The Tiny Patch of Lawn Where My Pond Once… er… Well… Was…

Lawn

A tiny patch of newly-laid green sward this may well be to you, but to me, this is where the pond once stood (lay? sank?). Under this blanket of England’s ‘green and pleasant’ lies the remnants of my mini lough, now rubble-filled and soil over-laid. At night I can hear the frogs croaking their lament for its passing.

Perhaps I should begin by telling you about the ex-watering hole. It was unlike most ponds: being wide and shallow with gently sloping pebble strewn sides (to ensure that any passing wildlife would find an easy passage to the water, in order to facilitate drinking, and an easy passage out, to facilitate not drowning) and with the constantly flowing ‘waterfall’, the water was always warm and teeming with life. When we had fish (before the local heron realised that what he had here was a living bouillabaisse) they bred with abandon, the fry having ample protection amongst the pebbles and ready access to more aquatic invertebrates than you could shake a stick at. Every year we dealt out bucket-loads of whitebait to anyone who could offer them a safe home. Something that it turned out we were unable to do as we returned home from holiday one year to discover that the aforesaid ardeidae had scoffed the lot. Amongst dozens of large goldfish and orfe, we lost the only two fish I have ever named (Laurel and Hardy – two large Ghost Koi) and hundreds of assorted hybrid offspring. I was devastated and, although the pond remained, it was never to have fish in again.

Instead, it became home to (when I eventually drained it) over a hundred frogs and toads. They loved life amongst the lilies; they dozed in the oozing sediments at the water’s base, they crushed together in the rocks at the bottom of the waterfall. In the spring they turned the water into a broiling hotbed of amphibian procreation, leaving the water like a giant bowl of translucent sago pudding which became nightmare for my slightly frog-phobic wife.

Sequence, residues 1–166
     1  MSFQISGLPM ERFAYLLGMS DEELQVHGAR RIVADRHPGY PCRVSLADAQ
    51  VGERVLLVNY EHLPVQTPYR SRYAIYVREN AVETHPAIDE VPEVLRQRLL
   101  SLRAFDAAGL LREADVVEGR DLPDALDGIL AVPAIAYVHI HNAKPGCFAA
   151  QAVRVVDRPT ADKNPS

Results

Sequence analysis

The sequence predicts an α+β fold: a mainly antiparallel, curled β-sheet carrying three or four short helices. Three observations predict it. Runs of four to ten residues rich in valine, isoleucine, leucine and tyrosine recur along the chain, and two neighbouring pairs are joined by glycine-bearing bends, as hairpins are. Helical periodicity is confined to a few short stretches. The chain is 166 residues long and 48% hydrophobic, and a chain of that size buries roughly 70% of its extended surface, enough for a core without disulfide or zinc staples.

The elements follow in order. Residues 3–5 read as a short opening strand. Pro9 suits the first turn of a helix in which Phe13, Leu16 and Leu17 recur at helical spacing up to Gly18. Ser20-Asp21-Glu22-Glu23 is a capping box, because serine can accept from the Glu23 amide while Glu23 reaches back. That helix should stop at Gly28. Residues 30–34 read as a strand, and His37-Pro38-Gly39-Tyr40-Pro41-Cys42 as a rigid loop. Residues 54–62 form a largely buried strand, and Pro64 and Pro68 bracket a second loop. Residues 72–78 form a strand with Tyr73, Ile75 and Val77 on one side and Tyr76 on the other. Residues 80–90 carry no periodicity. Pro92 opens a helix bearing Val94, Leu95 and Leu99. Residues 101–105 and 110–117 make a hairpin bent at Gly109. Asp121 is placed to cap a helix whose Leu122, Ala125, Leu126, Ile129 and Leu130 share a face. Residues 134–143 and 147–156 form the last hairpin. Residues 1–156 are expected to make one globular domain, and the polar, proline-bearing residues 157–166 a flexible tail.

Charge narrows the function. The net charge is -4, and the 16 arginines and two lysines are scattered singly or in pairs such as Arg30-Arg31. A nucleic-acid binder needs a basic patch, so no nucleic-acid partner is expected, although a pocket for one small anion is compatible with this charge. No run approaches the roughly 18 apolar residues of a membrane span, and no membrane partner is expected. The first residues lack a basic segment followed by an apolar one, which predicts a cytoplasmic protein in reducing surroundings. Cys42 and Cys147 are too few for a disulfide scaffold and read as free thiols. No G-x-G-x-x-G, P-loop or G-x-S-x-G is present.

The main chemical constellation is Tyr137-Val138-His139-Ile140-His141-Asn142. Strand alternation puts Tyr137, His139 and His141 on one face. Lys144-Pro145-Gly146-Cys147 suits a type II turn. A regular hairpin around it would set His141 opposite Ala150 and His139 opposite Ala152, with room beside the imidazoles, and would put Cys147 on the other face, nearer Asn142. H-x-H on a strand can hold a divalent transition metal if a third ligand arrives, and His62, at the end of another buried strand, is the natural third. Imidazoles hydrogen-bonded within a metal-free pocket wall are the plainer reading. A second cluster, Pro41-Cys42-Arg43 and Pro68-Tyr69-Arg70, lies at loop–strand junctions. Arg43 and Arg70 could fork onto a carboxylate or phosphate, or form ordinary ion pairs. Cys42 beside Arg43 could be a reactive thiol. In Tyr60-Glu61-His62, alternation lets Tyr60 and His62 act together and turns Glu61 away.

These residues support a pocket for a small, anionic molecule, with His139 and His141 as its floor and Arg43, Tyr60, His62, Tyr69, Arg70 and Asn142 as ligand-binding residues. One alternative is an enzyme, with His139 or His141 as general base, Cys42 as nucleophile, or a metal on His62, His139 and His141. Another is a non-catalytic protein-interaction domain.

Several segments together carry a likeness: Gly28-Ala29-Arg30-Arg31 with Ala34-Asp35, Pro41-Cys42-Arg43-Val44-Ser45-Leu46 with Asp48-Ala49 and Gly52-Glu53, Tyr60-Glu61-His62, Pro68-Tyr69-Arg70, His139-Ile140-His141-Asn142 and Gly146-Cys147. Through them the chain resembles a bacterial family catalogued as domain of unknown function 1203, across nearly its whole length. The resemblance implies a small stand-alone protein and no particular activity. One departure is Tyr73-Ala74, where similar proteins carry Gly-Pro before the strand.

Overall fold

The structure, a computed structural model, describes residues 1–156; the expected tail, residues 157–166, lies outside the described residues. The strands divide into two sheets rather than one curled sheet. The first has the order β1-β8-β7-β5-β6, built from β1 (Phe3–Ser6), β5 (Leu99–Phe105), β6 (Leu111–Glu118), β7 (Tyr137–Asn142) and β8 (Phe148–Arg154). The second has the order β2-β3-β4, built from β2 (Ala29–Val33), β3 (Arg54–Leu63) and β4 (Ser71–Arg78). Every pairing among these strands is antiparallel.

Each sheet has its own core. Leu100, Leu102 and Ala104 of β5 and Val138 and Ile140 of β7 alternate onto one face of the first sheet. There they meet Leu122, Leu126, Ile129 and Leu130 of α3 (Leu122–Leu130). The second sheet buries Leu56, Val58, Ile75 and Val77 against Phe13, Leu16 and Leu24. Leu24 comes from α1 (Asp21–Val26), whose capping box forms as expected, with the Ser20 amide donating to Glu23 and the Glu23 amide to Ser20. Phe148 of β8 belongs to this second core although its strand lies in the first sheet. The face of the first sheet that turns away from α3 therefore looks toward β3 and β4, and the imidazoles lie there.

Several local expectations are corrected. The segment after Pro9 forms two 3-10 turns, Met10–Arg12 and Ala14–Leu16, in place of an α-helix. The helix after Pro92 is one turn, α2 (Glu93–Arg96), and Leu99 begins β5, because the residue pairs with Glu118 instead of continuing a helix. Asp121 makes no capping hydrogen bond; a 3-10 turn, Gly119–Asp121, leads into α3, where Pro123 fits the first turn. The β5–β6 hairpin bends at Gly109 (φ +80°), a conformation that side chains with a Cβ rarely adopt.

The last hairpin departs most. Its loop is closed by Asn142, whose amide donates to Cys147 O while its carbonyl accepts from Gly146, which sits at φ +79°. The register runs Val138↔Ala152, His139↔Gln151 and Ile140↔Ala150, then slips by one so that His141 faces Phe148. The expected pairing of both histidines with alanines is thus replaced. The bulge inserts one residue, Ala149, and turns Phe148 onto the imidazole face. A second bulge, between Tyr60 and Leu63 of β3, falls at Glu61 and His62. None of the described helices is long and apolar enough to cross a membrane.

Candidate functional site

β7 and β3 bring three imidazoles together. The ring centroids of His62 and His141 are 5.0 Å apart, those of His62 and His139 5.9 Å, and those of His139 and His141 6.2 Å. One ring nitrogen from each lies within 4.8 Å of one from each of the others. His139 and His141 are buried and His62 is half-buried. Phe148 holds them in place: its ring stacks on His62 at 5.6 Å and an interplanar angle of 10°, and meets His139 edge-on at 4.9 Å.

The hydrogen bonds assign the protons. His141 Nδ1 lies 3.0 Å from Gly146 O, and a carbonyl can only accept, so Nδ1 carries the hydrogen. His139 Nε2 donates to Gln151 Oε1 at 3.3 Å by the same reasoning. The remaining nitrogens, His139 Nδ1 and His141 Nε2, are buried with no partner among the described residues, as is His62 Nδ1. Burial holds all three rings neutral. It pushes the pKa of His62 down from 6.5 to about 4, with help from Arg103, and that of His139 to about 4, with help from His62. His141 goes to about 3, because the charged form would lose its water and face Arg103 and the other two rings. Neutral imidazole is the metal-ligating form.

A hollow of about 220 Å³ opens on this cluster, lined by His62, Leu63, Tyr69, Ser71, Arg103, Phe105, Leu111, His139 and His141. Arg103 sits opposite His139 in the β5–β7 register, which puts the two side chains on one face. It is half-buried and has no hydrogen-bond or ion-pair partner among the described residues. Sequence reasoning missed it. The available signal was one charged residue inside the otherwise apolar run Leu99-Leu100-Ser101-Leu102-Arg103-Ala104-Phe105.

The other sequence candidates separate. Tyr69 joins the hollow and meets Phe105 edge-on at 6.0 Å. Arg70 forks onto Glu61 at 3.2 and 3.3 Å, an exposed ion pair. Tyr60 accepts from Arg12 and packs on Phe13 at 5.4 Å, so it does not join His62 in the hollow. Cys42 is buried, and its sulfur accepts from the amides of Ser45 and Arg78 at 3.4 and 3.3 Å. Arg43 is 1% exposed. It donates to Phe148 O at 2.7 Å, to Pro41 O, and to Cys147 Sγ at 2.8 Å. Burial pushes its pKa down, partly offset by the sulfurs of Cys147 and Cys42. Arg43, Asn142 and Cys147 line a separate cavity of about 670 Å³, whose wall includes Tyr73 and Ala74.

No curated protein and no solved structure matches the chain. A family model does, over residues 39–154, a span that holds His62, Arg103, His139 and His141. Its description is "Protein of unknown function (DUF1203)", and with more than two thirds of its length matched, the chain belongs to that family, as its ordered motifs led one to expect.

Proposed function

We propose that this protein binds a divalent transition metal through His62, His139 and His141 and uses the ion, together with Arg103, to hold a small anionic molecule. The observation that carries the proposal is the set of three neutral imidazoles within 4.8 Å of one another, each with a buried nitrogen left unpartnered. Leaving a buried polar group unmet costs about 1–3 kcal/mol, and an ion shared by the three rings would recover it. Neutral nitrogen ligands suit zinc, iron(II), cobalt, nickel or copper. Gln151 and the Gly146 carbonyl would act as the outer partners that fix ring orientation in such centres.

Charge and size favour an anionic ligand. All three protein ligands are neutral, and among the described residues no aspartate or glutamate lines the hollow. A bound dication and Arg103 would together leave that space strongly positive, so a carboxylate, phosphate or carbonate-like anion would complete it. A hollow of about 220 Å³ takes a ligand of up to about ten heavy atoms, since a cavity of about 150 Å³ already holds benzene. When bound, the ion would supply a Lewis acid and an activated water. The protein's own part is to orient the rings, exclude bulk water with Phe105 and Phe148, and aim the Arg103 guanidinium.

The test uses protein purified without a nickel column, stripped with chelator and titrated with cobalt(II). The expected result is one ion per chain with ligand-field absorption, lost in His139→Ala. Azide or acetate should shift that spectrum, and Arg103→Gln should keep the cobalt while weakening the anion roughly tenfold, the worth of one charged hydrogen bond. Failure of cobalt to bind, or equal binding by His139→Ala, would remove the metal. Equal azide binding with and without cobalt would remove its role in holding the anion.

A couple of miles away from us (as the frog hops) is a small lake fed by the beck that runs through the village and it was there that I took the many bucket-loads of reluctant amphibians to be re-homed. Many have already found their own way back. You can see them every evening, sitting where the water once fell, croaking forlornly into the night.
Towards its end of days, the pond had just one other vertebrate resident and that was a solitary newt I called Tiny. (This is Tiny. I call him Tiny – he’s my newt.) He has gone to live in a neighbour’s pond. He is alive and well and, currently, showing no desire to return to the waters of his previous alma mater. He has not yet joined the frogs in their nocturnal hop around the new green ‘carpet’, wondering where all the wet stuff has gone.

The pond was a daily chore: clearing blanket weed, cleaning the pump, repositioning migrating pebble hordes, repatriating promenading toads and helping shrieking wife down from garden bench – but, like the frogs, I really miss it. The garden is more child-friendly now: there is room for them to kick a ball around; they can run around without the associated risk of drowning, but they can’t fish for waterboatmen anymore. They can’t watch the frogs catching flies at the water’s edge in the early evening. They cannot witness the miracle that is the spawn/tadpole/froglet/frog metamorphosis. More to the point, they cannot ‘accidentally’ fall in the bloody thing anymore and fill their shoes with gloop. What they can do is sit with me in the gloaming on this tiny patch of lawn-where-the-pond-used-to-be and reminisce over orange squash and biscuits, about the fun we used to have and listen to the tiny thuds as the frogs bash their heads on the large copper mushrooms that have lately appeared in its place…

A goldfish’s memory, they say, is about ten seconds long – which is just about as long as it takes to read thi…
A goldfish’s memory they say, is about ten seconds long – which is just about as long as it takes to read thi…
A goldfish’s memory they say…

5 thoughts on “The Tiny Patch of Lawn Where My Pond Once… er… Well… Was…

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